BLACK AND WHITE -- **1/2 -- Oli Grant, Bijou Phillips, Brooke Shields, Ben Stiller, Allan Houston, William Lee Scott, Robert Downey Jr., Claudia Schiffer; rated R (profanity, racial epithets, sex, violence, vulgarity, nudity, drug use); Carmike Plaza 5400 and Ritz 15 Theaters; Loews Cineplex Crossroads Plaza, Holladay Center and South Towne Center Cinemas.

Subtlety is not "Black and White's" strong suit.Not that any film trying to start a serious discussion on two subjects as extremely divisive as race relations and hip-hop music could be subtle.

But even a little restraint and sensitivity on the part of writer/director James Toback would have made this too-ambitious-for-its-own-good drama a whole lot better.

As it is, it's not a bad movie, though it is crammed with too many characters and a series of distracting cameo appearances (by professional sports figures and musicians), both of which distract from the story at hand.

The film's central character is Rich Bower (Oli Grant, from the music group Wu-Tang Clan), a New York gangster attempting to go "legitimate" by becoming a hip-hop impresario.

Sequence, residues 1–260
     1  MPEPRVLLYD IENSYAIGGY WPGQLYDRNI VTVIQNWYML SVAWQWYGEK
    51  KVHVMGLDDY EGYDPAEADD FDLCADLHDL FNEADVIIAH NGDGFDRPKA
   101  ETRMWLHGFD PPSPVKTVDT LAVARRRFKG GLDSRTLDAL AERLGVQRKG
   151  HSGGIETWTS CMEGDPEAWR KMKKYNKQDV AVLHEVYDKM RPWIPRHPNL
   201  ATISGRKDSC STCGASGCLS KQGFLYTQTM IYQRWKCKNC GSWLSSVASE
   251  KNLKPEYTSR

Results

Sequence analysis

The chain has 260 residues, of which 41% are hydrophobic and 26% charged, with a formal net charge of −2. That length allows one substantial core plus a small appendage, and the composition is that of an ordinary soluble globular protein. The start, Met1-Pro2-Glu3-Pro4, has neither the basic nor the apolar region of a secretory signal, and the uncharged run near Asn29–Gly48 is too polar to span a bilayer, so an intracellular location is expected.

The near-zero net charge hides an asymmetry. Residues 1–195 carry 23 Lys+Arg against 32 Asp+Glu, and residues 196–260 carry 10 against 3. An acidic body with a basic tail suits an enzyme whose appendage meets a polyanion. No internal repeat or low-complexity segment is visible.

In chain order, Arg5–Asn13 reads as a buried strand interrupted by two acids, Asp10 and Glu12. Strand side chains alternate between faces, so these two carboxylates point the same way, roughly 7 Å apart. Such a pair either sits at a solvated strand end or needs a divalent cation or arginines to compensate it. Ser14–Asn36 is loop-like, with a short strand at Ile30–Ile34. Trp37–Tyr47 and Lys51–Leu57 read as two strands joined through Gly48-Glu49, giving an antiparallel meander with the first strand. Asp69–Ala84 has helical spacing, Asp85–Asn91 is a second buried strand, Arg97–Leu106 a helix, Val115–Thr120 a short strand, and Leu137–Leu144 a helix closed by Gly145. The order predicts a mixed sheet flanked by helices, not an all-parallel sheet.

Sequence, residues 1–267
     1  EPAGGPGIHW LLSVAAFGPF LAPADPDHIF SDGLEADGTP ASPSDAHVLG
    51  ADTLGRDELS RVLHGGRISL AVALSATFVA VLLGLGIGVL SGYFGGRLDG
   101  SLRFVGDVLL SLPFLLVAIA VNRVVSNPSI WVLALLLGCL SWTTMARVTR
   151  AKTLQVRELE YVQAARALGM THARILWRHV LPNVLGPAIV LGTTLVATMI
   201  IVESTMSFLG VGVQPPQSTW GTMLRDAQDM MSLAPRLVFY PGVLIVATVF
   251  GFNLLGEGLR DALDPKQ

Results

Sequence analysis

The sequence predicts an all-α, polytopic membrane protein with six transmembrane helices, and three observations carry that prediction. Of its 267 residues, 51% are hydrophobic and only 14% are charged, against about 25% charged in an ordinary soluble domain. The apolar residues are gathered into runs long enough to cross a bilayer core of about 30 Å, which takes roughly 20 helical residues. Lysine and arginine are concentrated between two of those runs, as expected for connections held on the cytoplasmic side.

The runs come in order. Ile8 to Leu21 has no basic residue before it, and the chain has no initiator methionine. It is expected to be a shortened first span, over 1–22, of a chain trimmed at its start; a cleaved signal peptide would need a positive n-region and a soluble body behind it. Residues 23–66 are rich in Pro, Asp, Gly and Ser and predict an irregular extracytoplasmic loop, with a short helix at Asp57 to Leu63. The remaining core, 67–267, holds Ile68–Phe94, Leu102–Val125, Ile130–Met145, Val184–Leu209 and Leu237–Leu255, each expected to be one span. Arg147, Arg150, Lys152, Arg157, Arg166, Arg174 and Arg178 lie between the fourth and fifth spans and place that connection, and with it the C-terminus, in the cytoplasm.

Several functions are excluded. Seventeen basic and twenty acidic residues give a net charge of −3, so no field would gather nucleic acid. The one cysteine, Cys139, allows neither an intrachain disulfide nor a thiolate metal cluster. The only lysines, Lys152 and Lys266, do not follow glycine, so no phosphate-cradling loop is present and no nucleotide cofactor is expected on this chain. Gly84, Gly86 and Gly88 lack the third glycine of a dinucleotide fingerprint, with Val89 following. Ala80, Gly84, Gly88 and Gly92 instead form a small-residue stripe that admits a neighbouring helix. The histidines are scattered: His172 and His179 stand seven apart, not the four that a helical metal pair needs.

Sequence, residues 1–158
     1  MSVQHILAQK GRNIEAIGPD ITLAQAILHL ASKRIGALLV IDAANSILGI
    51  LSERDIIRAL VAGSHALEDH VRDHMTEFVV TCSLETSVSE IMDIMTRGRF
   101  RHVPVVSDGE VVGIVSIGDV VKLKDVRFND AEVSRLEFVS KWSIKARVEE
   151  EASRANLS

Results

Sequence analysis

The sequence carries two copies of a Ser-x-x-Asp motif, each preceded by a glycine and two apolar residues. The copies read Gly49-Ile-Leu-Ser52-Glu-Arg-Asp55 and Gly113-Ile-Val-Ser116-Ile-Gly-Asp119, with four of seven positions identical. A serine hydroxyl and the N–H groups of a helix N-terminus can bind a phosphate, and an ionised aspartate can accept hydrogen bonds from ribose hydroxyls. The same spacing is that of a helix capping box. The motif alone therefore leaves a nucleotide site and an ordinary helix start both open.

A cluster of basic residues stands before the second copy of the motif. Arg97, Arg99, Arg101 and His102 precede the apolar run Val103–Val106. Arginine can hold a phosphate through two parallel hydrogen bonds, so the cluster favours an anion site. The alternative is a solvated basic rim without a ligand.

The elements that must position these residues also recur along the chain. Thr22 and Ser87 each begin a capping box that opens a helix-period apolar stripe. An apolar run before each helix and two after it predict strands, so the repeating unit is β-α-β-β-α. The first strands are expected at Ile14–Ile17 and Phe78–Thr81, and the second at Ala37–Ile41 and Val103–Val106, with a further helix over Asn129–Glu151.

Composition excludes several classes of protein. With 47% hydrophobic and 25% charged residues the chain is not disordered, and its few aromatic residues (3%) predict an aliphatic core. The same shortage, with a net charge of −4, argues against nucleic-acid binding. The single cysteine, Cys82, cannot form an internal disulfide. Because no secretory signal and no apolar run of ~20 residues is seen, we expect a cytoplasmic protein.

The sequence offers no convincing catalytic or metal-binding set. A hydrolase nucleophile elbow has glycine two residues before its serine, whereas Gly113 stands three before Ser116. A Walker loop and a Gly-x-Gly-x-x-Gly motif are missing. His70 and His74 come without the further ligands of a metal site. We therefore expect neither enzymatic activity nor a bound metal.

But there are more than a few hurdles in his way. First, he has to deal with encroachment by white gangsters on his turf. Then, he discovers that his childhood friend, Dean (New York Knicks star Allan Houston), is being blackmailed by a New York detective (Ben Stiller) -- though the cop is actually using Dean to get to Rich.

If that isn't bad enough, Rich is also being pestered by a group of white, teenage hangers-on (Bijou Phillips and Elijah Wood), as well as a pair of filmmakers (Brooke Shields and Robert Downey Jr.) who want to interview him for a documentary on hip-hop culture.

That seems like a lot of material, but there are also subplots about a New York district attorney (Joe Pantoliano) and his two sons (William Lee Scott and Eddie Kaye Thomas), an affluent white family, and even boxer Mike Tyson.

To his credit, Toback ("Two Girls and a Guy") does try to concentrate on the meatier story lines, though you sort of wish he had just eliminated the less-important ones.

Again, the results are too cluttered. But though Toback practically bludgeons the audience with some of this, there are some well-chosen messages about racial differences and ethnic identity.

And given that some of the cast is made up of "non-professionals," the performances are solid, especially from musicians Grant and Phillips, and Stiller, whose character gradually becomes more important as the film progresses.

However, the real show-stopper here is Downey, who nearly steals the whole thing as Shields' flirtatious gay husband.

"Black and White" is rated R for considerable use of profane language and racial epithets, graphic, simulated sex, violence (including gunplay), crude sex talk, female nudity and simulated drug use (marijuana). Running time: 100 minutes.